Saturday, 26 September 2015

Traffic hazards at harvest time

                                                         Slippery road.  Grape harvest

The roundabouts in Pezenas suddenly spawned a series of warning notices in early September.  The Pezenas coop is on a main  road on the  edge of the town so if any of the coop members have leaking trailers, grape juice could indeed be a bit of a traffic problem.   And I seen a similar sign once before, on the island of Cyprus.  In fact a photograph of a warning : 'road slippery with grape juice' was the very first thing I  ever had published in Decanter magazine, back in the autumn of 1977!

Thursday, 24 September 2015

Château Guilhem in the Malepère

Malepère tends to get overlooked.  It is a small appellation, of just 500 hectares, covering the hills south west of Carcassonne, around the Massif de la Malepère.   Originally when it was still a VDQS Côtes de la Malepère, the regulations demanded both bordelais and Languedocien grape varieties, but since the creation of the appellation, Bordeaux varieties alone are possible.   

We went to visit Château Guilhem in the village of Malviès, which is one of the older, more established, and also largest estates of the appellation, run and owned these days by Bertrand Gourdou, the 6th generation, with Catherine Montahuc as his winemaker.  She has worked here since 2006, but comes from Burgundy. She showed us round; they have 30 hectares of vines in production, of which 17 are Malepère and the rest produce varietal Pays d’Oc.   Malepère is only ever red or rosé; any white wine is Pays d’Oc. A more recent proposal that a white appellation might be considered was refused by the INAO, with the suggestion that the vignerons of the appellation need first to optimise the production of their red and rosé wines, and that any thoughts of white wine were distinctly premature.

The château itself dates from the 1870s, and on some of their labels they use an old photograph of the family from 1902. Originally the property was called Chateau Malviès, but Bertrand thought that could cause some confusion, and preferred to rename it, after the family name of his grandfather, Guilhem.  In the vineyard they work organically, and the cellar at first sight looks like the classic Languedoc cellar, with old cement vats and some old foudres.  However they have divided the cement vats into smaller sizes, which was not easy, but nonetheless preferable to  removing copious amounts of reinforced concrete.  They also have stainless steel vats; Bertrand’s grandfather was one of the first to use them for wine in the Languedoc, in the mid-1970s, inspired by the example of the dairy industry.   The next project is a proper chai à barriques.  They were also amongst the first to plant Merlot in the area, again at the beginning of the 1970s.  Their oldest Cabernet Franc is 15 years old.   A classic Malepère blend must include at least 50% Merlot with at least 20% Cabernet Franc.  Cabernet Sauvignon and Malbec are also allowed, as well as Syrah, Grenache Noir and so on, but they have none of those.    The vineyards have been organic since 2010.  The soil is clay and limestone with an average altitude of 250 metres.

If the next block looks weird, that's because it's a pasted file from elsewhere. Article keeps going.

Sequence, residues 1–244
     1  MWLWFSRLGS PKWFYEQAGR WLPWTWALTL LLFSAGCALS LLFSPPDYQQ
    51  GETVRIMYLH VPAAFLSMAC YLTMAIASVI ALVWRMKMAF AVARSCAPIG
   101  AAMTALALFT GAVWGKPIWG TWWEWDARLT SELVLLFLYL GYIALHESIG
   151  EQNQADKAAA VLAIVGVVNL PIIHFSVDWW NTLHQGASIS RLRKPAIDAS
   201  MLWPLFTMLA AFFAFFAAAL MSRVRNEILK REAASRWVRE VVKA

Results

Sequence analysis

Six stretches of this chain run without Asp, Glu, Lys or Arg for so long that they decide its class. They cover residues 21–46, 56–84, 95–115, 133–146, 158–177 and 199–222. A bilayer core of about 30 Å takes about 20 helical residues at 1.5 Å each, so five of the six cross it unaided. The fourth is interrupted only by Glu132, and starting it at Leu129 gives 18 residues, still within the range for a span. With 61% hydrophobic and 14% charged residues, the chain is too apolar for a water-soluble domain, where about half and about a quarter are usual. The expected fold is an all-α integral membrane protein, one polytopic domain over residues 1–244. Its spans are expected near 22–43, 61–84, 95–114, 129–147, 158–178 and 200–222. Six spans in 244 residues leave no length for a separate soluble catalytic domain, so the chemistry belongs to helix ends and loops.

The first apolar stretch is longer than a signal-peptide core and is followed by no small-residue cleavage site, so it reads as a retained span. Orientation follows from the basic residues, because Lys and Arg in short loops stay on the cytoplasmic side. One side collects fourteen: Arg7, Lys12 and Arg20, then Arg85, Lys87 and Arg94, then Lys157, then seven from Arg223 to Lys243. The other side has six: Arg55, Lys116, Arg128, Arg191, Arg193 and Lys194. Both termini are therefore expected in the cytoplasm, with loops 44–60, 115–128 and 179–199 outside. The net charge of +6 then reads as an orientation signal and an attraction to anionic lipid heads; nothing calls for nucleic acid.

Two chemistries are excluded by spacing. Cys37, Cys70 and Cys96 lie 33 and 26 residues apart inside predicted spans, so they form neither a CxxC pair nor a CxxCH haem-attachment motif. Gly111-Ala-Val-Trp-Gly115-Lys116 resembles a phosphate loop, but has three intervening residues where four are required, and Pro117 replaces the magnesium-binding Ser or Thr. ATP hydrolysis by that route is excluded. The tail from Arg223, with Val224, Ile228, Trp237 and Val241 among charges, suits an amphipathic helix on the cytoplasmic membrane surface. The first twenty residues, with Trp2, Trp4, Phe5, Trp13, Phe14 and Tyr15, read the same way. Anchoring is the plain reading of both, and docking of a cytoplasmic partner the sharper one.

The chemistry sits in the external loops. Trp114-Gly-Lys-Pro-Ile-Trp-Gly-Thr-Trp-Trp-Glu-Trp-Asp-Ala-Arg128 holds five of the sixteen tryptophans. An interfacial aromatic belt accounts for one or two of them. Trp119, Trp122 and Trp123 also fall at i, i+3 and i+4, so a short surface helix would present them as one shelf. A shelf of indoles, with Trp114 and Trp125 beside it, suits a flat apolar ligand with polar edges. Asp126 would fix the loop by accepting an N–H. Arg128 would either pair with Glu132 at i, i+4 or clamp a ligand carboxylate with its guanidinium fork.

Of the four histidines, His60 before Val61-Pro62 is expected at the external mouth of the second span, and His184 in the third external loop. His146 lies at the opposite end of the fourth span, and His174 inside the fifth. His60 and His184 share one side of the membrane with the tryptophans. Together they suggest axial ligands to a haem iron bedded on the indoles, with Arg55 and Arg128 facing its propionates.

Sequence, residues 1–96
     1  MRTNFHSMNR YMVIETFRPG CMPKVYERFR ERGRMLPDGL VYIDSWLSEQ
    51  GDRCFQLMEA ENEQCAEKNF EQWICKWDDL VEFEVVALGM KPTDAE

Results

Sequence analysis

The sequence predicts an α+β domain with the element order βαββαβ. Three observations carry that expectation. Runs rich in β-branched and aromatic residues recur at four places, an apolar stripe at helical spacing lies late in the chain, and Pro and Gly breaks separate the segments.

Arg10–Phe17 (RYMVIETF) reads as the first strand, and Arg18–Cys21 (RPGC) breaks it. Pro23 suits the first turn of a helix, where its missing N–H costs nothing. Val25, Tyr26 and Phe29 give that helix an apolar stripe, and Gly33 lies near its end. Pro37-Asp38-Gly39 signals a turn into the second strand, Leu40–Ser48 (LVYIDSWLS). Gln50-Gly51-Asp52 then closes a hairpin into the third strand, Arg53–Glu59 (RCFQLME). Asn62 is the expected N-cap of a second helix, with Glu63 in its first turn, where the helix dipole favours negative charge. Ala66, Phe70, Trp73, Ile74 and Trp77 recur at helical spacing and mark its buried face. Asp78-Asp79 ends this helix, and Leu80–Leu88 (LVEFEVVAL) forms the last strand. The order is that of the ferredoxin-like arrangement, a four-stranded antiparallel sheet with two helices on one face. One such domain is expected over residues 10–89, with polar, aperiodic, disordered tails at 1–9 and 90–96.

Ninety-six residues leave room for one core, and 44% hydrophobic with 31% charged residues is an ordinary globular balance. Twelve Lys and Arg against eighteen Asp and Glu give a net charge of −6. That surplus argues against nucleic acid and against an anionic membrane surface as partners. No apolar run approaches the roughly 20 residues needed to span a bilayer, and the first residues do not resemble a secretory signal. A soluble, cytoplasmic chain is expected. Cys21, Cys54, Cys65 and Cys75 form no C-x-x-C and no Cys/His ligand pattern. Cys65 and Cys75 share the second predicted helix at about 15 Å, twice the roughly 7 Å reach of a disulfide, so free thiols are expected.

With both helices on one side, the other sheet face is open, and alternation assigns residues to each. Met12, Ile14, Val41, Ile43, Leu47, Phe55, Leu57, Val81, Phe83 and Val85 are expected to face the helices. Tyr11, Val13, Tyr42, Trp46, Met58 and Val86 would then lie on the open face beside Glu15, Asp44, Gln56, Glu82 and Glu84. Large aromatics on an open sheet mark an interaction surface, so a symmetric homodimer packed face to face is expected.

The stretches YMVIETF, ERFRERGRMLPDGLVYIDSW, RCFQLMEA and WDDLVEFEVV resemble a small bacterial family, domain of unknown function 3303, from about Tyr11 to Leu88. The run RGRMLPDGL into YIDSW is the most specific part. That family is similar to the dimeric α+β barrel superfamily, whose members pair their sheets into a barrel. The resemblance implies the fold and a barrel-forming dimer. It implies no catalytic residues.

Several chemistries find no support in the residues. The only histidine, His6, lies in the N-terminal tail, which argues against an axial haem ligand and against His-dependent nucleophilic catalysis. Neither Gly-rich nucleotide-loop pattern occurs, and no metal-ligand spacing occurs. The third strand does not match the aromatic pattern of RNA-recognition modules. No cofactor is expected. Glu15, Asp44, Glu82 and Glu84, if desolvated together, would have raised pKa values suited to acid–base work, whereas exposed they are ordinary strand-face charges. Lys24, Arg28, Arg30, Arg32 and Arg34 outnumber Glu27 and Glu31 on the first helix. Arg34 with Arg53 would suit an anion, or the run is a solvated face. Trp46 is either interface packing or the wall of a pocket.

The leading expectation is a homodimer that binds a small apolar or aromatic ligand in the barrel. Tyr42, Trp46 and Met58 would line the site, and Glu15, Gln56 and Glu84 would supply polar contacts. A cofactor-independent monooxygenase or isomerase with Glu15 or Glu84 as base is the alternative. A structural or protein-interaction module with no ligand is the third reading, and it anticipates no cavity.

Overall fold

Our tasting began with:

2014 Sauvignon, Pays d’Oc – 7.00€
Fresh and pithy, with a dry finish.   Easy drinking, with some varietal character, but not too much.  The juice is given a little skin contact, before pressing.  

2014 Chardonnay, Pays d’Oc – 7.00€
In the range of Heritage Famille Guilhem, with the old photo on the label, and the words ‘Esprit de Famille since 1878.  A little colour.  Lightly buttery; lightly rounded and quite elegant.  No oak.  Some 25 year old Chardonnay vines.

2014 Viognier, Pays d’Oc – 8.00€
Light colour; lightly peachy on the nose, and palate.  Nicely rounded.  Fresh with a touch of acidity.  quite elegant.